07/16/2012 03:10 pm ET Updated Sep 15, 2012

Leading by Learning

Again and again, we see new college presidents falling into the same trap: they want desperately to prove they can do the job, so off they go to do it. Unfortunately, they do so without understanding the people or place they are leading. They simply do not know the institution.

Before a president decides where to take an institution, s/he had better understand where it has been. A president's vision of what needs to be done must be based on the mission of the college. So one had better learn everything one can about the institution before trying to make a mark.

Presidents want to get things done -- quickly (at least, they should want to get things done, since the days of the sinecure are long since gone). At times, a president may even arrive on the scene with a board mandate to shake things up. Fine. However, one must first become familiar with the history of the institution. Without that knowledge, a president will -- even with a board's strong support -- be a short-term leader.

There are many examples of presidents who didn't make it through their first year. Some didn't surprise me; having seen them in action in previous positions, I was amazed they got the job in the first place. Every once in a while, though, experienced presidents also find themselves committing mistakes from which they can't recover.

In one case, a president I knew well and who had successfully led another institution, hit the deck running at his new college, and he did so with the strong support of the board. The board wanted dramatic change and the new, experienced president tried to provide it. However, when he moved too quickly, when he acted without basing his decisions on the mission of the college, when he failed to bring his constituents along, he found himself destroyed by the very people he was trying to serve. As for the board, it remained behind the president -- so far behind him the board members couldn't be seen when things started falling apart.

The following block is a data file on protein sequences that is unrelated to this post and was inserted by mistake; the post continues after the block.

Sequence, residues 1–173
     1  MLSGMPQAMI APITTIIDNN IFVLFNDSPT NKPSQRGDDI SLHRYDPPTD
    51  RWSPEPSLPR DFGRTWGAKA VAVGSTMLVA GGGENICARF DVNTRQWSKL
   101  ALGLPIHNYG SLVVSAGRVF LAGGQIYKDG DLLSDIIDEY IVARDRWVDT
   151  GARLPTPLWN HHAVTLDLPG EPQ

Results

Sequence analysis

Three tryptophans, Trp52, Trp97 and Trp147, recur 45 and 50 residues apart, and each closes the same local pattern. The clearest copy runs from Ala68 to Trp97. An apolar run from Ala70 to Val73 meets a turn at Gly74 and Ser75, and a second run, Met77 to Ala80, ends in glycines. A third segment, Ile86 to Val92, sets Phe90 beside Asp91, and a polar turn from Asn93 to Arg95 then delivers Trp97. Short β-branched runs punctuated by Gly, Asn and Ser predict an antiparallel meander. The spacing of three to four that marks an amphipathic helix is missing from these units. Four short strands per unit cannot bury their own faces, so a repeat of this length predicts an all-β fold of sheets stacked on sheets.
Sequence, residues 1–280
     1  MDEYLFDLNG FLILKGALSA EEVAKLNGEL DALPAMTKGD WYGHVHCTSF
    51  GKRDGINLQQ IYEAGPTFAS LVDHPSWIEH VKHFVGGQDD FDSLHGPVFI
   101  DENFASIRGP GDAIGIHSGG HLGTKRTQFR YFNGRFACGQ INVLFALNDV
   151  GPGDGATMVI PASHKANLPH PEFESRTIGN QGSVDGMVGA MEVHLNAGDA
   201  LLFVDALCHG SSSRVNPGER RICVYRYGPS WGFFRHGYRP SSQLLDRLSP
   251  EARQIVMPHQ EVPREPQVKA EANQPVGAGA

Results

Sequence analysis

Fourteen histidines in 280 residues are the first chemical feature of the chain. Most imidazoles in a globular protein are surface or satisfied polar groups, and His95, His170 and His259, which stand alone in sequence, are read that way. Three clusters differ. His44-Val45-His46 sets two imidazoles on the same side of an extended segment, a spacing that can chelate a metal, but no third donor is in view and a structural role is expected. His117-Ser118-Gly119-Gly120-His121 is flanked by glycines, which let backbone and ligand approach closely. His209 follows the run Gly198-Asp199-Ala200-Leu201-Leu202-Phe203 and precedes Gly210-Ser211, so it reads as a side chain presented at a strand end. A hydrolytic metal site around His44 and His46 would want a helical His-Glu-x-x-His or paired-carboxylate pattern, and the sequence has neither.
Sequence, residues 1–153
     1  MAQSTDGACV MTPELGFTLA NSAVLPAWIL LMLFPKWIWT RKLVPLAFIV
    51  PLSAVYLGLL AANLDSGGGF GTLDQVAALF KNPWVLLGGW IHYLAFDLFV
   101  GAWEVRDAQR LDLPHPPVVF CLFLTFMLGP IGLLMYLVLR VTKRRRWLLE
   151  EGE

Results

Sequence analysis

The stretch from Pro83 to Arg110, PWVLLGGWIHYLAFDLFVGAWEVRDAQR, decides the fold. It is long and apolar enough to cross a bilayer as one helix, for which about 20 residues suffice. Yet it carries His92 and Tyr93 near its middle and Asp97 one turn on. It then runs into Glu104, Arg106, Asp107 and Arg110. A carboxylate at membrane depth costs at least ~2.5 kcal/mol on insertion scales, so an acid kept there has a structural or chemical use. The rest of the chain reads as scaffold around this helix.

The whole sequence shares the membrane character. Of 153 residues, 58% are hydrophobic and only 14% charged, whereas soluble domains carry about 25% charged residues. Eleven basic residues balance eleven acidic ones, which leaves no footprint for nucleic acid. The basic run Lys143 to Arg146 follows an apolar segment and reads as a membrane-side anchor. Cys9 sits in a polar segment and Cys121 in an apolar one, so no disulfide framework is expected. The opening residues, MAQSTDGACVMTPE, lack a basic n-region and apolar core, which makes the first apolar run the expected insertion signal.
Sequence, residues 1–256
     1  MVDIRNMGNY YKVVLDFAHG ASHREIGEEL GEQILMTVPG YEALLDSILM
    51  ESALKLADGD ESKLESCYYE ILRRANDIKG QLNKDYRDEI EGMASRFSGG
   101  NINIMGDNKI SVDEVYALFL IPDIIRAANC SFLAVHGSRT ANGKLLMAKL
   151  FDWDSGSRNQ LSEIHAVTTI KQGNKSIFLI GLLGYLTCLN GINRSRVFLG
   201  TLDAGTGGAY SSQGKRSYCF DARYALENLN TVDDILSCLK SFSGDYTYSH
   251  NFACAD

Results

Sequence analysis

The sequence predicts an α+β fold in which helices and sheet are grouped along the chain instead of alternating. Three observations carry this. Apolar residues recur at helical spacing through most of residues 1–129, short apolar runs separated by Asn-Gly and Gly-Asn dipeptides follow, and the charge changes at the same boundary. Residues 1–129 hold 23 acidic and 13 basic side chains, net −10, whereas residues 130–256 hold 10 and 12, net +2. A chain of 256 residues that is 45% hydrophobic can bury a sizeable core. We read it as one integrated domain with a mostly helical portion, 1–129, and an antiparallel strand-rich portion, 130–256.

While there was plenty of blame to go around, only one person took that blame -- the president. And, of course, it was he who should have taken the blame, since he was most at fault.

Before a president acts, and a president clearly needs to act decisively, the president had better do his homework. Regardless of who wants what done, regardless of how quickly a president or board wants action taken, a president has to first get to know the institution.

A president, if s/he wants to lead effectively, needs to know the institution better than anyone else. Before a plan of action can be put in place, a president needs to know how what is proposed will fit within the history and mission of the college. Really, it is an easy task. It is, though, one which far too many presidents neglect to undertake.

Not taking an institution's history into account will almost certainly guarantee the president will fail and soon be on the job market again.